Another project, called Second Future, was undertaken by nine adults with cerebral palsy, and seeks to provide a forum in which they can share in the everyday personal interactions that most people take for granted. The group of nine, who share a single Second Life avatar known as Wilde Cunningham, get to experience being around other people without being judged.
“Many of the real-world challenges are bypassed in Second Life,” said Jean-Marie Mahay, who works with the nine at an adult day-care center in Mattapan, Massachusetts. “Fewer folks have a problem hanging out with them, which is quite the opposite in real life. Also, due to their speech challenges, many would need help understanding them in real life, but in Second Life, I just type what they say and do what they want.”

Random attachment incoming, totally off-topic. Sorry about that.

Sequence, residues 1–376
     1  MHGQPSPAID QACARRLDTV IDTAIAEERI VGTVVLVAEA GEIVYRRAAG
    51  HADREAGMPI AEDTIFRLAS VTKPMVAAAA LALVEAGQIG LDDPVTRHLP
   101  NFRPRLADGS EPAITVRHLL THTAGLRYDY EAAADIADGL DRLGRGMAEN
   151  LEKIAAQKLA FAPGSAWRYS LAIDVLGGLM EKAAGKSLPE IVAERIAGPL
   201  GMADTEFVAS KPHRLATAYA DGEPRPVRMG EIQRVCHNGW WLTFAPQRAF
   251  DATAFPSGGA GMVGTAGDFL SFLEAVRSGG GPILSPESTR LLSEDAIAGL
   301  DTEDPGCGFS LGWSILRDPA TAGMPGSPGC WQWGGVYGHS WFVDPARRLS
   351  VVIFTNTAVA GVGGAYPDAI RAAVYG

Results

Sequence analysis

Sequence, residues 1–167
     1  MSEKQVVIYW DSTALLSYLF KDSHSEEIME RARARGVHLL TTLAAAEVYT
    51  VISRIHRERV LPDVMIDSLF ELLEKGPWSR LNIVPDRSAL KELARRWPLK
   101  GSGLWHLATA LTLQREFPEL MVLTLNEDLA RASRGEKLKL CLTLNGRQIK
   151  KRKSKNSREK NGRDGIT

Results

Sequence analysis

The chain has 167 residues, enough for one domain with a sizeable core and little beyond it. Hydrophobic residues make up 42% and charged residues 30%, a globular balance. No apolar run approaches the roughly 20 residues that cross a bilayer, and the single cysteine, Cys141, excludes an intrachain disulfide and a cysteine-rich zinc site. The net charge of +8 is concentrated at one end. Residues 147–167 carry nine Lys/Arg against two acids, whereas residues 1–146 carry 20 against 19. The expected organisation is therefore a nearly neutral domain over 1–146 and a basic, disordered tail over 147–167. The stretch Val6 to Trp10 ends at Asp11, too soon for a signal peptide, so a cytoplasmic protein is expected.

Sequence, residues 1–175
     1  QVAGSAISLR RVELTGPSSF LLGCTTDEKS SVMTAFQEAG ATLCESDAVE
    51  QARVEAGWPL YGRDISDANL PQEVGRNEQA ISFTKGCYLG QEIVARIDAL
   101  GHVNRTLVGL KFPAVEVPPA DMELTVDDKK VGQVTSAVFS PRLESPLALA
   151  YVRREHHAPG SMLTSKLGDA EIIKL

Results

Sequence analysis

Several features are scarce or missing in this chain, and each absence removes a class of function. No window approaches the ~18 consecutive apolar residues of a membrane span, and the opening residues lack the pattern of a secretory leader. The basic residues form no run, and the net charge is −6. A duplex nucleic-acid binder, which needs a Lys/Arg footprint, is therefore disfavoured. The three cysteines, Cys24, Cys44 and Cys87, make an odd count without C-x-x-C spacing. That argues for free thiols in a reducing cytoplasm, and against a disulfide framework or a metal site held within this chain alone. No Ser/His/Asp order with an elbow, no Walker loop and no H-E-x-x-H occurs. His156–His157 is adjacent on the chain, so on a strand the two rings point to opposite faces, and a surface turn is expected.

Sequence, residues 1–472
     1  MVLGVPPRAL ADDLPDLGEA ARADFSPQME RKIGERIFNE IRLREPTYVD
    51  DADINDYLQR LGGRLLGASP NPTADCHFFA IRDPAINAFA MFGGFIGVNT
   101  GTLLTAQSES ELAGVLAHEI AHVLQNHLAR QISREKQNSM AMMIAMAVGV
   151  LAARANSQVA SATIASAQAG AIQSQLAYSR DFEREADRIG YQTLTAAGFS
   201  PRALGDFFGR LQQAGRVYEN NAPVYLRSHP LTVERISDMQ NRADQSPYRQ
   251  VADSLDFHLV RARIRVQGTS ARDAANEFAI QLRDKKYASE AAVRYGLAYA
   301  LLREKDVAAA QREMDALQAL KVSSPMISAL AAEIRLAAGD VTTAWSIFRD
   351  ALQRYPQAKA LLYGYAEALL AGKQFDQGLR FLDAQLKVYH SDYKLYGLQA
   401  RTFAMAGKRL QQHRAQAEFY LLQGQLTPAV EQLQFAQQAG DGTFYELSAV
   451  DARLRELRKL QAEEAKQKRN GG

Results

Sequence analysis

Added Mahay, “They felt stigmatized by their disabilities, (which) kept them from the normal social integration we take for granted. Second Life removes both of these things.”
Mahay’s charges spend their in-world time on the small island known as Brigadoon, a place created for sufferers of autism and Asperger’s syndrome to try out the social interactions that are so hard for them in the real world. —Daniel Terdiman —Second Life Teaches Life Lessons (Wired)